Summary and Info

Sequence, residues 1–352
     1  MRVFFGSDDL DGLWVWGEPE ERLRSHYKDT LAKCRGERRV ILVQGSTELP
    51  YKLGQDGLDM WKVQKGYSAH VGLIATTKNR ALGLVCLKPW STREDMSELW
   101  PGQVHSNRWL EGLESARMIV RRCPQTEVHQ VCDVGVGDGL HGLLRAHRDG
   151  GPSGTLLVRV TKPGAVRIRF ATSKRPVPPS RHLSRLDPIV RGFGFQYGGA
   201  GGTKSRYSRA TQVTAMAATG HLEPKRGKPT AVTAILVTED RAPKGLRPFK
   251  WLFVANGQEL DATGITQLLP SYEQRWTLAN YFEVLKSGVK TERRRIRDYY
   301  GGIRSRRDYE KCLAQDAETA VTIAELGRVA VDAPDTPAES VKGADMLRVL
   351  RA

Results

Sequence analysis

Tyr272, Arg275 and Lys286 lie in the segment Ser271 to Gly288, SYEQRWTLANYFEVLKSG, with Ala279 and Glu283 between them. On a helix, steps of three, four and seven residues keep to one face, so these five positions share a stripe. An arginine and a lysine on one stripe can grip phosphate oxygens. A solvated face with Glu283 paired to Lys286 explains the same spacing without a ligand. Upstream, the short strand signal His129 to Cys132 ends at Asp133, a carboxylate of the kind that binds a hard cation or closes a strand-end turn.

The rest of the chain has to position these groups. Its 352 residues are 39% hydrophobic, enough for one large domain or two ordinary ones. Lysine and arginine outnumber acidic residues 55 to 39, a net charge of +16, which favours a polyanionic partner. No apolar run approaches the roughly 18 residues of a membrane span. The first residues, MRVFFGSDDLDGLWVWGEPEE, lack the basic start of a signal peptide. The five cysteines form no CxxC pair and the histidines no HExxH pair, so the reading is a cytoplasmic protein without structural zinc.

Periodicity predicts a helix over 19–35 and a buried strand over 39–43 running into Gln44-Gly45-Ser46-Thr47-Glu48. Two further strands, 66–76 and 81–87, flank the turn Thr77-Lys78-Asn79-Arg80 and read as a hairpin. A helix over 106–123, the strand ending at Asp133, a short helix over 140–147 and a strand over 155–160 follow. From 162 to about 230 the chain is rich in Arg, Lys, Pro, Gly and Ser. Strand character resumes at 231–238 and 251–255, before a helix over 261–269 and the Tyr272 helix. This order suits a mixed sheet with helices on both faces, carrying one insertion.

Immediately upon publication Dedications won itssecure place in scholarly literature. As an indispensabletool for work on Attica in the sixth andfifth centuries B.c. it became so well known to everyepigrapher, archaeologist, and historian that littleneed be said here about the scope and contents ofthe book. It has, moreover, been repeatedly andcompetently reviewed elsewhere.The volume is the result of long, devoted, andmost exacting labor, the progress of which becameknown through several preliminary publications. Inthe course of these the author showed an ever-growingmastery of "architectural epigraphy," to use adesignation which characterizes the specific approachof Raubitschek. This is not a very happy term,since it implies differences that are non-existent, andthe author himself rightly states (p. 433) : "this samemethod is obvious to anyone who has the opportunityto study the originals." Raubitschek's achievementin assembling endless dedicators is imposing,and only the overall careful study of the wholework can give an approximate idea of the enormousdifficulty of putting order into such a disturbingwealth of individual fragments. Many another wouldwith resignation have limited himself to a mereselection. Raubitschek has had the courage to giveeverything, for which we cannot thank him enough,and with it also the courage to make mistakes, whichis always a moral achievement. In view of the totalaccomplishment it may appear unjust to dwell toomuch on the negative side. A conscientious reviewer,however, has to note something Raubitschek himselfconfesses to freely and repeatedly (e.g. under nos 250and 309): many a reconstruction or attribution tocertain classes of monuments is purely hypothetical,especially when based on arbitrary restorations ofthe inscriptions. The zeal to distribute as many fragmentsas possible among the respective categories(and who would not sympathize with this desire?)was bound to produce some violence. But the lownumber of merely nine unclassified fragments, asopposed to the three hundred and eighty-four classifiedones, does not correspond to the facts and tendsto create a false impression by minimizing the factorsof uncertainty. The author should have enlargedthis section considerably.
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